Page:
That’s what the talking heads were saying too. The desiccated corpse inside the suit had been about 3 m tall when alive. As to why the corpse had been left at Beta Chiarus, or whether any aliens would come back for it, there were no facts but plenty of speculation. It had been a solitary explorer, a would-be mutineer, victim of a successful mutiny, or something so alien we could never understand it. After the autopsy, the body was analyzed chemically six ways from Sunday, and shown to be based on a molecule very similar to DNA. Its proteins were different from terrestrial proteins but they were proteins.

“So it couldn’t have eaten our plants or our livestock…” began one of an endless parade of interchangeable “experts”.

“or us,” interjected the show’s host, laughing.

Und so weiter.

True enough, as far as it went. But when the rest of the nine-foot aliens followed our ships home and began their xenoforming project on Earth the media parrots didn’t seem so smug.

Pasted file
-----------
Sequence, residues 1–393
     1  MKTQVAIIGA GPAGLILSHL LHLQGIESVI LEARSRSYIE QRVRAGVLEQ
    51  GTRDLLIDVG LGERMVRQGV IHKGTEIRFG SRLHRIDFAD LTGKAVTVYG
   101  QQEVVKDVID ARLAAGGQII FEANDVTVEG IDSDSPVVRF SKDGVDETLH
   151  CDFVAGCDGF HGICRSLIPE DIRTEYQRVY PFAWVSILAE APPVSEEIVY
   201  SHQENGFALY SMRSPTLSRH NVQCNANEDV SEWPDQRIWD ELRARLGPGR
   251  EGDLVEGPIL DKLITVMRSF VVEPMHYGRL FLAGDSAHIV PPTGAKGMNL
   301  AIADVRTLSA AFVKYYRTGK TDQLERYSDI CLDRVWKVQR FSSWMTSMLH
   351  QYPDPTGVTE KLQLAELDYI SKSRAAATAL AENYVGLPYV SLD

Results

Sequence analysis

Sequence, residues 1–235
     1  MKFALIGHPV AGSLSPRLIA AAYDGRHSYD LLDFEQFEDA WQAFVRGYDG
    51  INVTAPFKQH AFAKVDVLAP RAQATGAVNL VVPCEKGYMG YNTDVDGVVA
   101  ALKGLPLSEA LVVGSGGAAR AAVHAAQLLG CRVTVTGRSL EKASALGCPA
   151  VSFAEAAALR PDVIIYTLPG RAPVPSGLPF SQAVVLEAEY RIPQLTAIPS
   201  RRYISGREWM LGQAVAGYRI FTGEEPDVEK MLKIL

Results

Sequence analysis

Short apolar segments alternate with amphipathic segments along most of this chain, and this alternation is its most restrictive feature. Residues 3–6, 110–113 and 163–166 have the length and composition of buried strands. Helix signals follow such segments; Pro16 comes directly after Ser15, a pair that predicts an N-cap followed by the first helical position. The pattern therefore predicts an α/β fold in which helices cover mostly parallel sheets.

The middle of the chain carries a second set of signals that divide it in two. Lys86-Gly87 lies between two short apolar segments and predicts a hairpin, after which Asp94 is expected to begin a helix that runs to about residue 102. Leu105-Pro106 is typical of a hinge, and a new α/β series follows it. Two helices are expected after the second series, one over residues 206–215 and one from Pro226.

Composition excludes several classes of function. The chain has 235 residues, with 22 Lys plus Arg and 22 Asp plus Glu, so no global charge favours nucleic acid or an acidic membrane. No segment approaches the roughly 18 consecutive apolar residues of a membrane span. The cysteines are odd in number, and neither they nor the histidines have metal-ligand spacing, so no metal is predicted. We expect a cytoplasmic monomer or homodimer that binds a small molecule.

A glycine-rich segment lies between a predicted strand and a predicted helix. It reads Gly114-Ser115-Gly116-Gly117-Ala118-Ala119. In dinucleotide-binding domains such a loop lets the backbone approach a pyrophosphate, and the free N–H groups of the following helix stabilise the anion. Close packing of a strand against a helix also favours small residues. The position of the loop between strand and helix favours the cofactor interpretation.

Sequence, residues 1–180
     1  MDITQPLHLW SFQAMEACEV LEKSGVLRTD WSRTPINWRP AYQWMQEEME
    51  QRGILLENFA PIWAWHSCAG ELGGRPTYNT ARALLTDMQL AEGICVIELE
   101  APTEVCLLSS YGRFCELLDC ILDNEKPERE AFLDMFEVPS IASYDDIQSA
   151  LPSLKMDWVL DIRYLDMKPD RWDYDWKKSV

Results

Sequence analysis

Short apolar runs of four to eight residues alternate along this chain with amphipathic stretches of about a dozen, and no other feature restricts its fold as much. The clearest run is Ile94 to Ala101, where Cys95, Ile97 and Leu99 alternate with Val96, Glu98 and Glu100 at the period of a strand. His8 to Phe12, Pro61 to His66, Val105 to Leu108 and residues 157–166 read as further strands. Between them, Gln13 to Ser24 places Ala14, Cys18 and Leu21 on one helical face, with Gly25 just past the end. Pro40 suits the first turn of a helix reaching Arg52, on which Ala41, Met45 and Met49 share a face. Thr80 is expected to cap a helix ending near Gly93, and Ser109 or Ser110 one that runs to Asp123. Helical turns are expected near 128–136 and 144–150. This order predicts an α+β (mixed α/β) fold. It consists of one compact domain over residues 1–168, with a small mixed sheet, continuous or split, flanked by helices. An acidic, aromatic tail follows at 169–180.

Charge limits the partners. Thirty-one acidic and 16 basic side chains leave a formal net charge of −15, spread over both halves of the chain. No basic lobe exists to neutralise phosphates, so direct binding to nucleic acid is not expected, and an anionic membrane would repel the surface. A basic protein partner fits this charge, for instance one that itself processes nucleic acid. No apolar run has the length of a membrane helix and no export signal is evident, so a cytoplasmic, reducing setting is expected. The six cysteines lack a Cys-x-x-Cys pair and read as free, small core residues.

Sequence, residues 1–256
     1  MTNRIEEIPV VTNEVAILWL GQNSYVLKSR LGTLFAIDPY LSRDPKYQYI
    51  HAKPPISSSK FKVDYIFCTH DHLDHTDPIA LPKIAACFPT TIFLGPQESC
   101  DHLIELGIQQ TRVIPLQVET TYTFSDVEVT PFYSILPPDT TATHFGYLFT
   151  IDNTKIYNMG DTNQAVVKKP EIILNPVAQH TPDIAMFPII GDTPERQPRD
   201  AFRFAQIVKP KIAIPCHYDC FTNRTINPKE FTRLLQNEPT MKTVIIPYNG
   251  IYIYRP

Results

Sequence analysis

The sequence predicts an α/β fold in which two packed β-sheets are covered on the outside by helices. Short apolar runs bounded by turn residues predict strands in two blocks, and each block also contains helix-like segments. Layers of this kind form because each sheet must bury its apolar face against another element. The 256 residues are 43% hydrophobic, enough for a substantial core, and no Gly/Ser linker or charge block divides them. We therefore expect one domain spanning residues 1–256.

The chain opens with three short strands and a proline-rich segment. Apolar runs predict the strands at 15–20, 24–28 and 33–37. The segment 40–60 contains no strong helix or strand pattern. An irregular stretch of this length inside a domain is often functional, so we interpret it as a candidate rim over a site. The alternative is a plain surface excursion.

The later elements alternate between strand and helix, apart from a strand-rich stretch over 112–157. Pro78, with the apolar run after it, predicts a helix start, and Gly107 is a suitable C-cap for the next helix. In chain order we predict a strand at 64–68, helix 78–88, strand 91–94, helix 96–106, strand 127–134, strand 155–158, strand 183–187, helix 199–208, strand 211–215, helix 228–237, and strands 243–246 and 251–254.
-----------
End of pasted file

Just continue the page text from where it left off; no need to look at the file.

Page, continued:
The autumn wind was coming down the valley from China, but, to Javad Azaizeh, it felt as chilly as if it were pouring south from Siberia. He should be inside on a night like this, but insomnia always left him feeling lonely, and Khabarovsk’s night market seemed like the perfect remedy.

Vermillion in the shadows of the next row of kiosks caught his eye, and he walked closer. In the narrow aisle between a noodle stall and one that sold prepaid viewpads for the municipal space, a stocky man in an apron swept his bare forearm up and down, back and forth. Red flashed with every movement. The noodle-seller — he hadn’t even put down his long chopsticks — paused, and the diodes in the skin of his forearm winked out.

He was looking over Javad’s head, and Javad turned.

Up on a rooftop overlooking the market square, a woman waved in response. Her arm, too, traced red on the night, a series of symbols that hung on the air through persistence of vision.

Javad smiled in recognition — he knew those symbols. Forty years ago, touring with Cheba Alia’s orchestra when he was just a city kid who’d never been more than ten kilometers out of Paris, he’d seen the same alphabet on hand-lettered signs in towns on the edge of the Sahara. They’d seemed then like the most exotic thing in the world. He’d never learned how to read them, and what a noodle-seller in a Korean market in a Russian city was using them to say, he couldn’t guess.

Javad turned back to see the noodle-seller resume his side of the conversation, his arm a blur. There must be some sophisticated on-the-fly processing behind the simple arm-waving — the quick-fading scarlet lines were crisp.